Mr. Moffat’s words rang in my ears: “Some one entered that room; some one stilled the fluttering life still remaining in that feeble breast; but that some one was not her brother. You must look further for the guilty perpetrator of this most inhuman act; some one who had not been a witness to the scene preceding this tragedy, some one —” he had not said this but every mind had supplied the omission — “some one who had come in later, who came in after Carmel had gone, some one who knew nothing of the telephone message which was even then hastening the police to the spot; some one who had every reason for lifting those cushions and, on meeting life—”
The horror stifled me; I was reeling in my place on the edge of the crowd, when I heard a quiet voice in my ear:
“Steady! Their eyes will soon be off of Arthur, and then they will look at you.”
It was Clifton, and his word came none too soon. I stiffened under its quiet force, and, taking his arm, let him lead me out of a side door, where the crowd was smaller and its attention even more absorbed.
I soon saw its cause — Carmel was entering the doorway from the street. She had come to greet her brother; and her face, quite unveiled, was beaming with beauty and joy. In an instant I forgot myself, forgot everything but her and the effect she produced upon those about her. No noisy demonstration here; admiration and love were shown in looks and the low-breathed prayer for her welfare which escaped from more than one pair of lips. She smiled and their hearts were hers; she essayed to move forward and the people crowded back as if at a queen’s passage; but there was no noise.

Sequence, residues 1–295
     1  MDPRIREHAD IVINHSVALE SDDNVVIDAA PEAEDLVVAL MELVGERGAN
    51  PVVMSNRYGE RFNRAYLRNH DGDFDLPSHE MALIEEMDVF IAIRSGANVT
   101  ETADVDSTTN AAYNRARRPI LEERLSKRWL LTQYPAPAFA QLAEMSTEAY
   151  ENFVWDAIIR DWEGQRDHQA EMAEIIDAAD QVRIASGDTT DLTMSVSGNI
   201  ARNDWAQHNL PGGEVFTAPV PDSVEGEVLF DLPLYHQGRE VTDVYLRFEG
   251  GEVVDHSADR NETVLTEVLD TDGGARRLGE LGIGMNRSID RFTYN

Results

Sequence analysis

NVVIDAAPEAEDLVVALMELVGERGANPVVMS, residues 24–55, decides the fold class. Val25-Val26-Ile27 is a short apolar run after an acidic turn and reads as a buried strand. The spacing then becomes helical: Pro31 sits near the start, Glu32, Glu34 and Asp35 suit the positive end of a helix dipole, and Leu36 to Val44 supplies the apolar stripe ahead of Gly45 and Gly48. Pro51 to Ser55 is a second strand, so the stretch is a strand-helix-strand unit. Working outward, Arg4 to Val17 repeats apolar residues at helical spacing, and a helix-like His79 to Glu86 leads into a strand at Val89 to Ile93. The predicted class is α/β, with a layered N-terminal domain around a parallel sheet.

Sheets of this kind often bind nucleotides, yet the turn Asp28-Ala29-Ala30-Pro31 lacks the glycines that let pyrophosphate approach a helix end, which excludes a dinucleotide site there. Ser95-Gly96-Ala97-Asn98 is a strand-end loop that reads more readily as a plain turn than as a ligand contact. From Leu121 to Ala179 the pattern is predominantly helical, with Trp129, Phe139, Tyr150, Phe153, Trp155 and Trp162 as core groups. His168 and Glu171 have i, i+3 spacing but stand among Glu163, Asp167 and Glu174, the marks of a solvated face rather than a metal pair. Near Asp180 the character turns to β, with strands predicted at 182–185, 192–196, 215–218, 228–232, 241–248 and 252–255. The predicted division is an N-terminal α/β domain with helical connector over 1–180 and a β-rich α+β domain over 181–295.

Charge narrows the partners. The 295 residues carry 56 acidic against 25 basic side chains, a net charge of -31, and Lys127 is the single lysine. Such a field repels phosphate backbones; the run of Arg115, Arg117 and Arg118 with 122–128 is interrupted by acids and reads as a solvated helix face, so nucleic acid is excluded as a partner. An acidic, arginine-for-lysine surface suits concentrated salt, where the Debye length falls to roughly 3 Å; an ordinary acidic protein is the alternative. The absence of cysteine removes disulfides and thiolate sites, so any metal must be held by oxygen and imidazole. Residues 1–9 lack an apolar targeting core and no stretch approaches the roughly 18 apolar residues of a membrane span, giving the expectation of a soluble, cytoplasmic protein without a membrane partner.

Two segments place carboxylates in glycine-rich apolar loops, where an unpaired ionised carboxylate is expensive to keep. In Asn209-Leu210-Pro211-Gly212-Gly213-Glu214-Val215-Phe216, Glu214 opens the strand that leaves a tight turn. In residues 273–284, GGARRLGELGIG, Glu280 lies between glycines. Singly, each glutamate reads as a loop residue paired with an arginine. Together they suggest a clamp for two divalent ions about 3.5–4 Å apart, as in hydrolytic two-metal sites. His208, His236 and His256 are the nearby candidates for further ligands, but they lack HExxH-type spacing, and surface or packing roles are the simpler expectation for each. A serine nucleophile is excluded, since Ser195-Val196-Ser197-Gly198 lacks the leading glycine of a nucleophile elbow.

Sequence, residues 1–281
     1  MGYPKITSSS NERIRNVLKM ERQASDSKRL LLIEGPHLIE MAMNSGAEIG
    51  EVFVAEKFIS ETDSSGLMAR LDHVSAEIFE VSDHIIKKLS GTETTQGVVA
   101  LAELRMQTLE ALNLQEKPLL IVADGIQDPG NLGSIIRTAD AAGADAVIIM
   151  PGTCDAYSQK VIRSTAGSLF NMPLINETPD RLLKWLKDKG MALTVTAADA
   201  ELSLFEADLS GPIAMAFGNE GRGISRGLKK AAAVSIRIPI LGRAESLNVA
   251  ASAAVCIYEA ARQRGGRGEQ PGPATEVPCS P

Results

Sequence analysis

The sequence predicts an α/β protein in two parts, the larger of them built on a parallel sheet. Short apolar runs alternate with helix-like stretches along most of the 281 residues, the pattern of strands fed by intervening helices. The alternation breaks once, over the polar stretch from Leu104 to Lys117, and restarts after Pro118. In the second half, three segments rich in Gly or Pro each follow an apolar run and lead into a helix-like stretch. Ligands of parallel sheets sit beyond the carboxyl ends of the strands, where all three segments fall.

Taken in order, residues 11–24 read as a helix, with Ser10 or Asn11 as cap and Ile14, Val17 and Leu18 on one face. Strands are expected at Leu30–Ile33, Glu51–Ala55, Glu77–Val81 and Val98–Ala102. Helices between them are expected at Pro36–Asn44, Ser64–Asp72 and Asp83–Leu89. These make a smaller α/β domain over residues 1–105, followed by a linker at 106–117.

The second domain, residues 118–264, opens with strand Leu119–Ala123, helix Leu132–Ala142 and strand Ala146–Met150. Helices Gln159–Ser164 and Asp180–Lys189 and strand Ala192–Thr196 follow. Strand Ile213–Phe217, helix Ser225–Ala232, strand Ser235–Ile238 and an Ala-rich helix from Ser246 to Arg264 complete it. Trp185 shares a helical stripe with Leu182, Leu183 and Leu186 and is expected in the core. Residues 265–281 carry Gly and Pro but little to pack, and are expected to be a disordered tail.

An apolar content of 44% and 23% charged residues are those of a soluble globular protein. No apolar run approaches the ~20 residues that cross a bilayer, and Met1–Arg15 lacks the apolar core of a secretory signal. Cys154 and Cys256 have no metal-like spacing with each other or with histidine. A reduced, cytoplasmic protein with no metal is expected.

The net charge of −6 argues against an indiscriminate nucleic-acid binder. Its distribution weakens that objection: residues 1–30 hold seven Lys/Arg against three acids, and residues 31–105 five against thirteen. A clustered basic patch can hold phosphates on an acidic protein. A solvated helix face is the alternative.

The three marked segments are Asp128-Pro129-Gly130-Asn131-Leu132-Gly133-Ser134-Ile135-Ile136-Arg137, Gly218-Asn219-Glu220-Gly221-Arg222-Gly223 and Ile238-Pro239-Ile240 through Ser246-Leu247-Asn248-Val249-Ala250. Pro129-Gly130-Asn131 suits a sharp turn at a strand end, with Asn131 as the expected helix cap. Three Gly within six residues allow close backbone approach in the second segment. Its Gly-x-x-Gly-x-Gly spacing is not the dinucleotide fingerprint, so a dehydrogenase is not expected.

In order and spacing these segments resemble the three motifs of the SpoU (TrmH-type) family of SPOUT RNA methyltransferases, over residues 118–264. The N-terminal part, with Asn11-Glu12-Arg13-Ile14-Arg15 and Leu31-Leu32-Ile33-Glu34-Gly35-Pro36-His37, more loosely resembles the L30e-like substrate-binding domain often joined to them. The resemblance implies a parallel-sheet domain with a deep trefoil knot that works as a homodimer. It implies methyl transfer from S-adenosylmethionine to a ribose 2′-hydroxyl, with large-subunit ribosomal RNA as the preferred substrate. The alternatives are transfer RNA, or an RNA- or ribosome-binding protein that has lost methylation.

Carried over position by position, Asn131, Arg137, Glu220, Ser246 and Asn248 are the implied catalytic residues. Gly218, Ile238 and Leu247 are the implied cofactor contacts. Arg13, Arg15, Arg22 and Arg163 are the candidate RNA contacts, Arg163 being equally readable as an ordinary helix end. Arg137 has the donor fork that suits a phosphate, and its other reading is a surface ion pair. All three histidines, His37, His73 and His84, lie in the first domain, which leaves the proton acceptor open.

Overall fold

When she reappeared, it was on Arthur’s arm. I had not been able to move from the place in which we were hemmed; nor had I wished to. I was hungry for a glance of her eye. Would it turn my way, and, if it did, would it leave a curse or a blessing behind it? In anxiety for the blessing, I was willing to risk the curse; and I followed her every step with hungry glances, until she reached the doorway and turned to give another shake of the hand to Mr. Moffat, who had followed them. But she did not see me.